Young guy next to me had his girlfriend from Berry College, a private Liberal Arts school close by in Rome, Ga with the worlds largest contiguous campus( 27,000 acres). They boast a student/professor ration of 13.3/1 on their site(www.berry.edu) and I figure a student/acre ratio of 1/12.6. With an enrollment of 2,141 hormone bombs it seems like a great place to mingle or get lost in the woods. Or just take a blanket and, well, you know. The girlfriend left before dark, so he, my other neighbors and I had a chat-a-round by their campfire. We had several hours of interesting conversation.

Don't know if you have noticed but most of the time there are two Gatorade bottles strapped to my pile somewhere, usually an empty one on top and one with some Gatorade strapped in front of a sandal on the side.


Pretty regular feature in my packing routine and there is a good reason for them both. One is for fluid intake during the day. The other is for fluid output during the night. They are stored in opposite corners of my tent during the night; drinking bottle at the end with my head, piss pot by my feet, both in identical side pouches. Sometime during the early stages of getting to sleep that evening I felt like the tent was oriented on the unlevel ground so that my feet were higher than my head by just the slightest amount. Not good for acid reflux prevention. I sat up in my sleeping bag and reversed my position so the feet were at the lower end. Slept the sleep of babes. Woke up early, took my required medicine and lay back down for the required time frame before eating. Oh GAWG. NO. That tent seems the size of Vermont when you are scrambling from one end to the other in search of the correct Gatorade bottle for something to wash your mouth out with. Luckily the first thing my hand found in the side pouch was my medicine, then I recalled grabbing it and the real Gatorade in the same hand earlier. Relieved, I removed the cap from the other bottle and it smelled strikingly similar to the original product.

Day #4 the D2T ride. Fort Mountain State Park(A) to Rock Mountain Area (T)

Rutabaga screwed with this post 12-21-2013 at 04:28 PM
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Old 12-18-2013, 09:06 PM   #9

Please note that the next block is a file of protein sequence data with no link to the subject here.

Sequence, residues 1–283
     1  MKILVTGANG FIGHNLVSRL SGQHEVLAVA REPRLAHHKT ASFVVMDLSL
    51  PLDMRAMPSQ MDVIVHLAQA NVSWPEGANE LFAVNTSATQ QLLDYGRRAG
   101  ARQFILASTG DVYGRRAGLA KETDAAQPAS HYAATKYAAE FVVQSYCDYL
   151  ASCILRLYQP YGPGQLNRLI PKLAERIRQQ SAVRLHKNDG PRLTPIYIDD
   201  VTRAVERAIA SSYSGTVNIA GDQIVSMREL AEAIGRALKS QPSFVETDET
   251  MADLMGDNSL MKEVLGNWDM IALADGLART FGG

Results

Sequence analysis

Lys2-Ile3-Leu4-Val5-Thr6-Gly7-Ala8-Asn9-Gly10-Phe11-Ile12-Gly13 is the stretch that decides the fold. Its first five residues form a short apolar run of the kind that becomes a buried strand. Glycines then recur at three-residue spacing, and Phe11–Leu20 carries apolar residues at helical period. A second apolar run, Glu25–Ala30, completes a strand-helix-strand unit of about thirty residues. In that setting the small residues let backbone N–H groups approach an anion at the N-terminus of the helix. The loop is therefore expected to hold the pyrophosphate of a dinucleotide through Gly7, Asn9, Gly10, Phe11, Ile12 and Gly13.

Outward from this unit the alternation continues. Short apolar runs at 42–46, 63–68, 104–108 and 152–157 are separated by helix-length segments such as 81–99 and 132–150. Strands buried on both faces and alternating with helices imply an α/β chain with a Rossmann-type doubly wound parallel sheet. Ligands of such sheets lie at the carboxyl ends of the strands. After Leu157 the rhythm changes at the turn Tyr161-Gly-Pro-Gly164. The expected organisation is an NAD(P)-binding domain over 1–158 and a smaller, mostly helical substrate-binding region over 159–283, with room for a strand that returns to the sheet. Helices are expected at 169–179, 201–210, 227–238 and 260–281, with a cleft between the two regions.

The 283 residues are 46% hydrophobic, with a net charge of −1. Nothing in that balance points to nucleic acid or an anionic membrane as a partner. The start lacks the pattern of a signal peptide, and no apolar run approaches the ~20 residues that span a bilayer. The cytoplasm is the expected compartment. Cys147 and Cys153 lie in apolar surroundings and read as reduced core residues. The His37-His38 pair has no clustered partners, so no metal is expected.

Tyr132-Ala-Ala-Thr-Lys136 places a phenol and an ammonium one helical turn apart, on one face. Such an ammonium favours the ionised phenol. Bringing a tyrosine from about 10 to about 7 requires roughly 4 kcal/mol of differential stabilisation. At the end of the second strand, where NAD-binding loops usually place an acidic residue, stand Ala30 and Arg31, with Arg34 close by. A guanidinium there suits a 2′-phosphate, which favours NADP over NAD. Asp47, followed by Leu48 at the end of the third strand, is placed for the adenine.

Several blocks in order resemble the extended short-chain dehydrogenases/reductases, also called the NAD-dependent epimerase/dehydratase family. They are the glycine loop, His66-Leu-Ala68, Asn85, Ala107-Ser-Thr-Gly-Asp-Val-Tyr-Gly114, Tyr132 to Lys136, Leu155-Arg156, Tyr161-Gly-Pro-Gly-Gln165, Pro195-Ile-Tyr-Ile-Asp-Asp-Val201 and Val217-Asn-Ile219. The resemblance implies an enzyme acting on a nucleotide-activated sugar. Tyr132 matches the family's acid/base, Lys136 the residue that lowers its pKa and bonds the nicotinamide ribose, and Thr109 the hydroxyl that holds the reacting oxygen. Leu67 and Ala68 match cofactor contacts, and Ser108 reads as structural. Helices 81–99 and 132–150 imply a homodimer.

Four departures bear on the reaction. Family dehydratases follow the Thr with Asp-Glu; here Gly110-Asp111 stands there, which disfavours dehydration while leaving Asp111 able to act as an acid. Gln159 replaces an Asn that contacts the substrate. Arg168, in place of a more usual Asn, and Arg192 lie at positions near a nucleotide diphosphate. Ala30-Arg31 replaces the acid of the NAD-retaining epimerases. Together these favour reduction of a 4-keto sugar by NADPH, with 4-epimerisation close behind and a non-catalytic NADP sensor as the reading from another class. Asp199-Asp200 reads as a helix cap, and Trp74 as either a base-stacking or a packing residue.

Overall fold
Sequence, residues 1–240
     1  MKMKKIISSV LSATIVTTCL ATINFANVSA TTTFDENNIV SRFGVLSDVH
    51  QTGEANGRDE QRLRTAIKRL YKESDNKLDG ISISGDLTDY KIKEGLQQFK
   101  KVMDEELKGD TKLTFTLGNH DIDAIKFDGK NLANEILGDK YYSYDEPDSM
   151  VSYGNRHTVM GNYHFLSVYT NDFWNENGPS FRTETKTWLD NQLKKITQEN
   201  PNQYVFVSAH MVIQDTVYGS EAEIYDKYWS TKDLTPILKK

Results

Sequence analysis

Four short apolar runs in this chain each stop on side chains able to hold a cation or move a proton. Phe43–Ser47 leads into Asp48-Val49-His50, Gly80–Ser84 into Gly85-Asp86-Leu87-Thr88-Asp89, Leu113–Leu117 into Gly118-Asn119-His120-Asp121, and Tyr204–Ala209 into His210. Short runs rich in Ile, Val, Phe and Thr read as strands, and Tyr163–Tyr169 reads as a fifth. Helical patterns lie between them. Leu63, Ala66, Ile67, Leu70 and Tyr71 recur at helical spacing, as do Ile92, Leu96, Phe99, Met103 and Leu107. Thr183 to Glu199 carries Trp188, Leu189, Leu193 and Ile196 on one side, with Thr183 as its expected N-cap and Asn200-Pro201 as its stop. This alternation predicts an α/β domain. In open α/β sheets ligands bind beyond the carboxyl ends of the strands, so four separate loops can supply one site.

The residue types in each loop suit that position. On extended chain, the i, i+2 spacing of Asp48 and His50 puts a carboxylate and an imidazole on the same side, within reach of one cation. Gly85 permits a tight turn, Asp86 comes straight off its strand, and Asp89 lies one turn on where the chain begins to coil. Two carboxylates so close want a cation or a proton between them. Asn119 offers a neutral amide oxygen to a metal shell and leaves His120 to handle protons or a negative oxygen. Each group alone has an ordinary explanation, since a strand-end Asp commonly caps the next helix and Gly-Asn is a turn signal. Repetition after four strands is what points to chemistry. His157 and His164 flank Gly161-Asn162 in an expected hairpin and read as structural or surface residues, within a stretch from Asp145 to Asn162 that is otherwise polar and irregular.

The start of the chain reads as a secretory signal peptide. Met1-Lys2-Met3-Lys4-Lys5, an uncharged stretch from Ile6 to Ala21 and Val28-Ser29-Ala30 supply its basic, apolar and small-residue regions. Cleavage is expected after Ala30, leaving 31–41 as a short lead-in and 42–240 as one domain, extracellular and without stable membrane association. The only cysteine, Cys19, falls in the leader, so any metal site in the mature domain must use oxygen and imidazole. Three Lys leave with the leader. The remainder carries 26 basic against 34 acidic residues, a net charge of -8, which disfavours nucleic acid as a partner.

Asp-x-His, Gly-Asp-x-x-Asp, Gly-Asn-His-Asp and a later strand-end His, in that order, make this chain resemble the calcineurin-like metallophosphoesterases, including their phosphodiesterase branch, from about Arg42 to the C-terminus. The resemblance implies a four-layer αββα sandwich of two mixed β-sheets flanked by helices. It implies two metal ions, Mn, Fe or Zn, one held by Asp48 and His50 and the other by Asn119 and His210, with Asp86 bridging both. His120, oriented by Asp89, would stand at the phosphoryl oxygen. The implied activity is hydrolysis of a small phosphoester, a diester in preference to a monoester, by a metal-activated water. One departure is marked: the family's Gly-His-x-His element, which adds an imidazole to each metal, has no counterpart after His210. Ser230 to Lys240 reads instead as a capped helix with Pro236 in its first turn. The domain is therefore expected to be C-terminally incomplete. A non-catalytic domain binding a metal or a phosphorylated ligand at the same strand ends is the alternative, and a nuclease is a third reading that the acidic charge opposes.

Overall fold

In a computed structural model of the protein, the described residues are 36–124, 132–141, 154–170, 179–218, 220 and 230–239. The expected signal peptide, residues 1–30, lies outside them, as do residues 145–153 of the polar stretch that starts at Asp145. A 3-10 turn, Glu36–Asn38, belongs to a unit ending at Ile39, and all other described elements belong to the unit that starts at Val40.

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Great report, Amigo! You traveled a lot of my usual roads in the North part. My wife & I stayed at the Overlook Inn for our 15th anniversary. Did you happen to make it to the overlook inside Fort Mtn. Park? It's one of the best I have found! Carry on...
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Old 12-19-2013, 12:44 PM   #10
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Great RR Rutabaga!! Subscribed
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Old 12-20-2013, 05:49 AM   #11
G.R.
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Interesting route concept. I like it.
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Old 12-20-2013, 10:06 AM   #12
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Originally Posted by TheAdmiral View Post
Peanuts, cotton, train derailment sites, and nuke plants. Good variety of things to see. Really enjoyed the information to go along with the photo's.
I love the variety that is available most everywhere. I learn a lot of new stuff also.
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Very cool. I'm planning to do much of the northern part of this as part of a ride I'm working on for the spring. Thanks for the awesome pics and writeup!
I thought it was a wonderful area for riding. I think you will enjoy it in the spring.
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A first class report. Thanks for the story, story and pictures
Thank you for the kind comments.
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Old 12-20-2013, 10:13 AM   #13
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Originally Posted by HPTuner View Post
Great report, Amigo! You traveled a lot of my usual roads in the North part. My wife & I stayed at the Overlook Inn for our 15th anniversary. Did you happen to make it to the overlook inside Fort Mtn. Park? It's one of the best I have found! Carry on...
Did not get to that overlook but stopped at damn near every one on the road. I think I was at "overlook overload" by the time I got parked that day. Wonderful place to gaze out over the valleys.

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Great RR Rutabaga!! Subscribed